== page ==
Singapore's stock market rebounded in tandem with its regional peers yesterday, hitting a new full-year high as investors took their cue from gains on Wall Street amid expectations of a delayed interest rate hike.
The benchmark Straits Times Index (STI) rose 12.71 points or 0.37 per cent to 3,465.62 points.
The STI hit its 52-week high while breaking through the resistance level of around 3,450. Amid the bullish sentiment, 1.95 billion shares worth $952 million were traded yesterday.
This followed a 0.66 per cent rise on the Dow Jones Industrial Average, despite fresh signs that the United States economic recovery might be slowing down.
"After the disappointing job data in the US last week, investors are seeing the likelihood that the Federal Reserve may postpone interest rate hikes to September. This helped push up the US market, and local sentiments also benefited as a result," remisier Alvin Yong told The Straits Times.
The best-performing blue chip was Ascendas Real Estate Investment Trust (Reit), which closed seven cents or 2.73 per cent higher at $2.63, also its 52-week high.
The Reit's recent move to acquire a Science Park property while divesting a Senoko Way asset at a premium will have a slight positive impact on unitholders, OCBC Investment Research analyst Andy Wong said last week.
Energy and offshore-related plays also rose on the back of a 5.8 per cent rise in Brent futures to US$58.12 per barrel overnight.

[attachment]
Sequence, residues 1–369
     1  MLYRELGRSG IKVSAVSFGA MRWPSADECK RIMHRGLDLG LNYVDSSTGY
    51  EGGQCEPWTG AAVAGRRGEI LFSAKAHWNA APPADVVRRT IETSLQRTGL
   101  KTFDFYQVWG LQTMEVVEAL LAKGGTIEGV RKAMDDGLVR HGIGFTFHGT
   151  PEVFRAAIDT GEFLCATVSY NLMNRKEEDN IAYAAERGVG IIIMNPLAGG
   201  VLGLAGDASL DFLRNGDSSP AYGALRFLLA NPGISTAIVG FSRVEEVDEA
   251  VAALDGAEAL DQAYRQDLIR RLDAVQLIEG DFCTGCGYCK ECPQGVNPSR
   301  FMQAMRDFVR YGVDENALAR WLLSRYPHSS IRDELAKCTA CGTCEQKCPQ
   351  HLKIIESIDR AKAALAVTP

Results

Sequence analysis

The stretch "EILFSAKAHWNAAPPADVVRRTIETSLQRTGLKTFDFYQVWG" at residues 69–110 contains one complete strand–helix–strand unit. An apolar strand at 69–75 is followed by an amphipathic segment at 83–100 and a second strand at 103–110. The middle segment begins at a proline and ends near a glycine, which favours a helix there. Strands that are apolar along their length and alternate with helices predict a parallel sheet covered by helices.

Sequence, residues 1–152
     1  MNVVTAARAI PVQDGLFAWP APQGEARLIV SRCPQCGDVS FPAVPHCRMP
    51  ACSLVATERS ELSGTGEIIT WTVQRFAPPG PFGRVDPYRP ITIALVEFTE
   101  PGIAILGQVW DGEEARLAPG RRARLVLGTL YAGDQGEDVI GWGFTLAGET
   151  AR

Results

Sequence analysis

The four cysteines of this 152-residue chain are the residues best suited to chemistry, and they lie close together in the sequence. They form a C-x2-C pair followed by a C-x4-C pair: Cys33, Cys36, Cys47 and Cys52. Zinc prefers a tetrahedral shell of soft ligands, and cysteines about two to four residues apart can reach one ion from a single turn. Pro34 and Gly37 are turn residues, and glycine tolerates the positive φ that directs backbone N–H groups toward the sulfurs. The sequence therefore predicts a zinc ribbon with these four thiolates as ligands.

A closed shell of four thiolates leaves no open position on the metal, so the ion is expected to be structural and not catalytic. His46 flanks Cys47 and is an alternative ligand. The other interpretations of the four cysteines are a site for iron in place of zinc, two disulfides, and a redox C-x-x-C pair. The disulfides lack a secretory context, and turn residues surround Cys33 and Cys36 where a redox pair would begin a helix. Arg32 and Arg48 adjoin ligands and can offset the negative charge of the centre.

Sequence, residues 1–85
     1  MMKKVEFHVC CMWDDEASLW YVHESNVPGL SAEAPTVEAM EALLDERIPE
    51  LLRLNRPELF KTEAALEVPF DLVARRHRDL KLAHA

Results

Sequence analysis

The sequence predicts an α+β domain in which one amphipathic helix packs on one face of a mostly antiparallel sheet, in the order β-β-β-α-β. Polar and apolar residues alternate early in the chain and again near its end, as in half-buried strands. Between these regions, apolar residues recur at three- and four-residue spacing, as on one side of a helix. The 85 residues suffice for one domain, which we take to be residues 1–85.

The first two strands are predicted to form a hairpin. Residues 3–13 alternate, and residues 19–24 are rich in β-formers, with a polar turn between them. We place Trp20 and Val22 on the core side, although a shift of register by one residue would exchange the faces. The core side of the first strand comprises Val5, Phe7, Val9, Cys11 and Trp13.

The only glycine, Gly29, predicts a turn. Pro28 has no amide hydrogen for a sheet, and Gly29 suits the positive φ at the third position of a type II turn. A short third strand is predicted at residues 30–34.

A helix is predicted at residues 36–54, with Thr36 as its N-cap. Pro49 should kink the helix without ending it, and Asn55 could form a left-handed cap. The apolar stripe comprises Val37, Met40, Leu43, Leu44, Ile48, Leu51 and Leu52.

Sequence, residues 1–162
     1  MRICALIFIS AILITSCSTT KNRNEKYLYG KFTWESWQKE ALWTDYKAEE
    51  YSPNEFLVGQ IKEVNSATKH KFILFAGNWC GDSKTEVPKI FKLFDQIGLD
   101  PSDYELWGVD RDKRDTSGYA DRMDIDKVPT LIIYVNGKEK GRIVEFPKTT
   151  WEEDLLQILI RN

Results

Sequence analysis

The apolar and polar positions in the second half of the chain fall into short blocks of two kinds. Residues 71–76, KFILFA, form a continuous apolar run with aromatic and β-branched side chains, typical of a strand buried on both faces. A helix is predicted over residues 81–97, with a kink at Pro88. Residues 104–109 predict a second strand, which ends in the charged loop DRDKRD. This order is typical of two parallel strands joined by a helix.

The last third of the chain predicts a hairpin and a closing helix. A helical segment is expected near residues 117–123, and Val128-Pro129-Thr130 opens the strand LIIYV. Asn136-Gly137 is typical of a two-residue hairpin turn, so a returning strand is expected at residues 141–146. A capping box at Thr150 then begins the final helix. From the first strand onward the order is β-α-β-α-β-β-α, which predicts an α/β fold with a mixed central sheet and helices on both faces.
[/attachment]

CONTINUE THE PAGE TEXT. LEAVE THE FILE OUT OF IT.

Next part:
Sembcorp Industries closed six cents or 1.40 per cent higher at $4.36, while Sembcorp Marine went up four cents or 1.37 per cent to close at $2.96. Keppel Corp rose 11 cents or 1.23 per cent to $9.08.
Meanwhile, Singapore Airlines lost the most among the blue chips, sliding 11 cents or 0.92 per cent to close at $11.84.
Sentiment over the national carrier has remained mixed in recent times amid the intense global competition in the aviation industry. Reflecting the difficult operating environment, SIA's passenger carriage dropped 3.5 per cent in February as a result.
Among the banks, DBS Group Holdings shed 13 cents or 0.64 per cent to close at $20.32. But banking plays remain a sound choice, Mr Yong said, as rising interbank rates in Singapore are set to benefit local banks' margins. United Overseas Bank rose 21 cents or 0.9 per cent to $23.43, while OCBC Bank closed five cents or 0.47 per cent higher at $10.65.
Elsewhere in Asia, all major markets ended the day on a high note. Shanghai surged 2.52 per cent to hit a fresh seven-year high, as investors continued to bet on further stimulus measures by the government. Tokyo gained 1.25 per cent, while Kuala Lumpur rose 0.74 per cent. The Hong Kong Stock Exchange was closed.